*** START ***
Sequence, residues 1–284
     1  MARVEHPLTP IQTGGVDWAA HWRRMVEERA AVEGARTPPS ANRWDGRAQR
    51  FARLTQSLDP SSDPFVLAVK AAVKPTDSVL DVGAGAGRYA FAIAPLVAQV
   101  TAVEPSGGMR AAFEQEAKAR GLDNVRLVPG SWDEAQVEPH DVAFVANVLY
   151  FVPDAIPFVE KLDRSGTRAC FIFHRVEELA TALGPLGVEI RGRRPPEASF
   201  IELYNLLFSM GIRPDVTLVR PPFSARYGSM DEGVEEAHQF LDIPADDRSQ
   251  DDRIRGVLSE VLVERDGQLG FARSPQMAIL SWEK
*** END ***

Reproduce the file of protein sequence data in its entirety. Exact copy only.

Sequence, residues 1–284
     1  MARVEHPLTP IQTGGVDWAA HWRRMVEERA AVEGARTPPS ANRWDGRAQR
    51  FARLTQSLDP SSDPFVLAVK AAVKPTDSVL DVGAGAGRYA FAIAPLVAQV
   101  TAVEPSGGMR AAFEQEAKAR GLDNVRLVPG SWDEAQVEPH DVAFVANVLY
   151  FVPDAIPFVE KLDRSGTRAC FIFHRVEELA TALGPLGVEI RGRRPPEASF
   201  IELYNLLFSM GIRPDVTLVR PPFSARYGSM DEGVEEAHQF LDIPADDRSQ
   251  DDRIRGVLSE VLVERDGQLG FARSPQMAIL SWEK